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Close your eyes and picture a hog farmer, a restaurateur and a brewer. Did the images tend to be male? There is no question that the food and beverage industry is still primarily led by men, but women are making huge strides in the industry. Meet some of the local women proving these stereotypes are meant to be sliced and diced.
As a Latin American woman, Angela Salamanca is well aware that discrimination and stereotypes exist but, for her, the focus remains on the positive and the possibilities.
“There are a good number of women running very successful restaurants. I am honored and proud to be part of this group,” says the owner of Centro Mexican Restaurant and Gallo Pelon Mezcaleria in Raleigh.
Her Uncle Carlos took Salamanca in when she was young, and he taught her what she knows about both Mexican food and the restaurant business. He inspired her and helped her open Centro. However, she is quick to note that she is Colombian.
“I love Mexican food and culture but never set out to be a representative of that culture,” she says. “I am humbled and honored to do so to the best of my abilities. I am also happy to have an opportunity to have a voice that can contribute to the development of this lovely city that is now my home.”
In opening Centro, she hoped to create a stable living for her family but, just as importantly, she wanted to make a difference in her community. “Changing the narrative of my family to grant my children with opportunities I never even dreamed of is my daily prayer,” she adds.
She is cognizant that her role as a woman, an immigrant, a Latin American and a business owner can provide inspiration and hope for others. And she wants to be sure Centro continues to be a place for the community, a place where people can come together and feel loved and accepted. It is a lofty goal for a business, but one that seems realized from the moment you walk into the cozy restaurant and see the word “Comunidad,” Spanish for community, printed on the bright walls.
The Hog Farmer
Megan Sutton Spence is used to the surprise in people’s eyes when she tells them what she does for a living because when people envision a hog farmer, they don’t normally envision, well, a her. Recently serving as the face of the North Carolina Pork Council, Spence is single-handedly shattering this stereotype. Serving as the farm manager at Sutton Family Farms in Goldsboro, Spence is proud to be part of a movement that shows women are ready and capable to begin taking leadership roles on the farm, but her goal wasn’t to be part of a movement.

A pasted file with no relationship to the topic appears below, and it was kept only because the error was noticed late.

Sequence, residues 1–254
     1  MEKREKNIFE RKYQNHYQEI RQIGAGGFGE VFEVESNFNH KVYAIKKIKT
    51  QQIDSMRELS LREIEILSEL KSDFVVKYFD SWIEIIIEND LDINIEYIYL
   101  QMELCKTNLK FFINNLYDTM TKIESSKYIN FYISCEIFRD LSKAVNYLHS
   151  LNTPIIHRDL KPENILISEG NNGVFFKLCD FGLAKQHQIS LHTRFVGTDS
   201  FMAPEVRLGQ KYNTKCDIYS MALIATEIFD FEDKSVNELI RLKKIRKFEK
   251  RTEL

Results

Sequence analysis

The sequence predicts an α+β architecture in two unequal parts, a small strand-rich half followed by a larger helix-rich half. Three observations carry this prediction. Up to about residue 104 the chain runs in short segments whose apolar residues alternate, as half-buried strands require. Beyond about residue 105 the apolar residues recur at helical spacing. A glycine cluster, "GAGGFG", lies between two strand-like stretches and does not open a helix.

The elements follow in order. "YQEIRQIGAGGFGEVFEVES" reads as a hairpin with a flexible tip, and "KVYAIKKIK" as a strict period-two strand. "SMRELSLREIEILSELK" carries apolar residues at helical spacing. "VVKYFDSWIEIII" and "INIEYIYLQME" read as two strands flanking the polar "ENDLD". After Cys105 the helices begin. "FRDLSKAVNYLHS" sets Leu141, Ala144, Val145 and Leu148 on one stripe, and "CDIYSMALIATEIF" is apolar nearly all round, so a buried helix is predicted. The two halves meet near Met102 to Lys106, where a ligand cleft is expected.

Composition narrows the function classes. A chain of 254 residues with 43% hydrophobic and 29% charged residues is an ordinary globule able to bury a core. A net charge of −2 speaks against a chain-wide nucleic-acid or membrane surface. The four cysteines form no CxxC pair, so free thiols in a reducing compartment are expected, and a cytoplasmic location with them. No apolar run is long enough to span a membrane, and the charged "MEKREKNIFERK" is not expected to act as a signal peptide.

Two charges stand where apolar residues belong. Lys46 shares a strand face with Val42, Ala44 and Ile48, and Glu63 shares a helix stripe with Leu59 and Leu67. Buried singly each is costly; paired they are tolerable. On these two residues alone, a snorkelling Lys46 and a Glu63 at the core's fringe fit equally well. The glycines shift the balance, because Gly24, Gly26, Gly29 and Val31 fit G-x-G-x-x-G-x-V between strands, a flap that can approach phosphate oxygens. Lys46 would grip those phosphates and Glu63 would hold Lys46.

A college graduate in recreational therapy, Megan went home to her family farm while waiting for her licensure to come through. However, after jumping back into the same jobs she had done her whole life, she decided simply to stay. “The farm felt like home and where I was supposed to be,” she says.
Though it felt right, she had her doubts:
“At first when I became full time on the farm, I was thinking, do women really do this? Is it possible? Am I setting myself up for failure? But then I noticed more women were doing it, and I thought, if they can do it, I can too.”
She credits that grit to her grandmother, Margaret Sutton. “She helped my granddaddy run his businesses. She wasn’t scared to work and taught me that if you had to take on a more ‘masculine’ role, so be it! You’ve got to get the job done,” she adds. Guided by both these women, the farm has flourished, and thanks to a partnership with Smithfield Foods, you can purchase their pork at most Raleigh grocery stores.
For centuries, men have dominated the brewing industry but that’s changing now. Locally, Raleigh Brewing Company CEO Kristie Nystedt infused her passion for home brewing with her 20-year business career to start the only woman-led brewery in Raleigh. Along the way, she was inspired by Teri Fahrendorf, the Founder of the Pink Boots Society, an organization created to encourage women in the beer industry, and Kim Jordan, the original Founder and President of New Belgium Brewing.
But she credits her experience in corporate America as laying the best foundation for working in the male-centric industry. “The leaders were a strong mix of both male and females. [They] inspired me to overcome large barriers to success,” she says. “Stereotyping is just one barrier to overcome when heading toward your goal in the brewery biz. But if you keep focused on the end product, to create a great craft beer experience for your customer and gain respect by your peers, the stereotypes don’t create a problem.”
Nystedt, however, is clear that passion can only get you so far. You have to be committed to producing a superior product and correcting your path when necessary. “Move forward passionately and aggressively,” she says. “Be accountable for your actions and commit to quality. Never let your gender be an excuse for not obtaining your goals.”
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